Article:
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Wednesday, 20 May 2020


Available for freelance writing commissions on a variety of subjects including family history, nostalgic Belfast and its famous people, shops, shoppers & shopping, the golden age of Hollywood (esp westerns) and humorous pieces on life's weird and wonderful. Op-eds, columns, non-fiction book reviews too. & @JoeCushnan

I have a portfolio of features, reviews, poetry and short fiction published in all sorts of places - Belfast Telegraph, Tribune, Ireland's Own, Dalhousie Review, Fairlight Books, Reader's Digest, Reality, Lapwing Poetry, Ink, Sweat & Tears, Spillwords, Dear Reader, Amethyst Review, to name a selection.  Oh, and the odd BBC radio contribution. 

This is a series of very, very short items that have nothing to do with the current news agenda.  Swift diversions for a moment or two.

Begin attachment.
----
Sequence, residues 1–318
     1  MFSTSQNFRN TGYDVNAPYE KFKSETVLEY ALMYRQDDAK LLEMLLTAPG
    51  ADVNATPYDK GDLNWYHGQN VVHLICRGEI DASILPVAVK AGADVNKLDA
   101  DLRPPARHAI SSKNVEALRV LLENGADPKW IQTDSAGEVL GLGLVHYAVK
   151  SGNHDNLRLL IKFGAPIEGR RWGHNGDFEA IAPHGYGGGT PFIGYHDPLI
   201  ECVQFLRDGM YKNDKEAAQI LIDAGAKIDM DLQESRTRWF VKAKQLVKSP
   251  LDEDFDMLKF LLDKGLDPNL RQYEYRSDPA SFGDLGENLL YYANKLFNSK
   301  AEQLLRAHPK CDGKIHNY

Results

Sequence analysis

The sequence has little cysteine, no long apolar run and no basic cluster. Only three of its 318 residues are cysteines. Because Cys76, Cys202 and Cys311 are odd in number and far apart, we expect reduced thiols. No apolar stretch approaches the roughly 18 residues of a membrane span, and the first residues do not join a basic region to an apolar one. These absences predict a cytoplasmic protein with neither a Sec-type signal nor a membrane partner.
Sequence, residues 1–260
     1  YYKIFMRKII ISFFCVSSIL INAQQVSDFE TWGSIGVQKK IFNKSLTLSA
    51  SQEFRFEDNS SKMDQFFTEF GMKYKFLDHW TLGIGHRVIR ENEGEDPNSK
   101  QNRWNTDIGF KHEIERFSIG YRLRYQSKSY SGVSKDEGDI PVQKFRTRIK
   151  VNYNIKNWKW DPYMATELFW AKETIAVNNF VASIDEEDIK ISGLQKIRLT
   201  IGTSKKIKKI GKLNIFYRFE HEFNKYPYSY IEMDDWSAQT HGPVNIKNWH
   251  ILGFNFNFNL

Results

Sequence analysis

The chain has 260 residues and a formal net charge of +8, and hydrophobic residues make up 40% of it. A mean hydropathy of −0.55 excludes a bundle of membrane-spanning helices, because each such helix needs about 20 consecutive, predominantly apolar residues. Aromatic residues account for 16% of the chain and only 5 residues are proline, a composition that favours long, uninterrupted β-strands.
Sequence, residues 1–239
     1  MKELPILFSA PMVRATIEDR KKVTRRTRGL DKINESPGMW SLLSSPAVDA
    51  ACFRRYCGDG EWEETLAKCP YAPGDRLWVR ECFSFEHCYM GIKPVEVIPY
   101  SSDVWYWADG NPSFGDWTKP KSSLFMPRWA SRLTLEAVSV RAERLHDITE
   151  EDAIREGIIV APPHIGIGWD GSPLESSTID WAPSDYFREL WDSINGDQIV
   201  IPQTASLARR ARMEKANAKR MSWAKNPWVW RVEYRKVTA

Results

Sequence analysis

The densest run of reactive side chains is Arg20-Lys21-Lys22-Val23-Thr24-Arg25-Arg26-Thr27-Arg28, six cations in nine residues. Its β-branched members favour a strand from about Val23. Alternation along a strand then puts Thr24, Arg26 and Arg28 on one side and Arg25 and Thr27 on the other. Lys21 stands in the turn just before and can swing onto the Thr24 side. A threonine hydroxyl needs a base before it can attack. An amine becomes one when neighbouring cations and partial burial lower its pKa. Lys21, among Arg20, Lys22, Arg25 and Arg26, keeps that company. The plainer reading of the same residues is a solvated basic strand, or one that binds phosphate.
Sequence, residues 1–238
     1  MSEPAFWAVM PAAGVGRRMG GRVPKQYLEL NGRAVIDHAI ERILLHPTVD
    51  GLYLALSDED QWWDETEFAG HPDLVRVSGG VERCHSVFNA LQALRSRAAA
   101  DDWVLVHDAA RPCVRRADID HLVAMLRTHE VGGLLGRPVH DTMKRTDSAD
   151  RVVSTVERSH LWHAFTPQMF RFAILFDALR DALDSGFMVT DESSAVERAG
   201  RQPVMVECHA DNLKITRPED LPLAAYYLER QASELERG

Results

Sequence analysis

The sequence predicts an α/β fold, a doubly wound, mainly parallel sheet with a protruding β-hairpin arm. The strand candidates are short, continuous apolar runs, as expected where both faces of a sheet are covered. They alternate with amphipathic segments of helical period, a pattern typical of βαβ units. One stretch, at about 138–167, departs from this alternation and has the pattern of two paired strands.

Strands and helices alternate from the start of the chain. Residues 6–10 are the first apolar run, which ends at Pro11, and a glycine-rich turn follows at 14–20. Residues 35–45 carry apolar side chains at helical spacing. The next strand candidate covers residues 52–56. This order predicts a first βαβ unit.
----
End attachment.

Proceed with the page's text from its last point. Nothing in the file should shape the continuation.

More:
Apropos of Nothing #33 – 20 May 1890

Around 20 May, 1890, Anton Chekhov travelled from Moscow to Tomsk, a place he deplored.  His journey was not always a comfortable one, as he indicated in a letter:

“I’ve been hungry as a horse all the way.  I filled my belly with bread in order to stop thinking of turbot, asparagus and suchlike.  I even dreamt of buckwheat kasha.  I dreamt of it for hours on end.  I bought some sausage for the journey in Tyumen, if you can call it a sausage.  When you bit into it, the smell was just like going into a stable at the precise moment the coachmen are removing their foot bindings; when I started chewing it, my teeth felt as if they had caught hold of a dog’s tail smeared with tar. Ugh!  I made two attempts to eat it and then threw it away.” 

Anton Chekhov

Source: A Journey to the End of the Russian Empire

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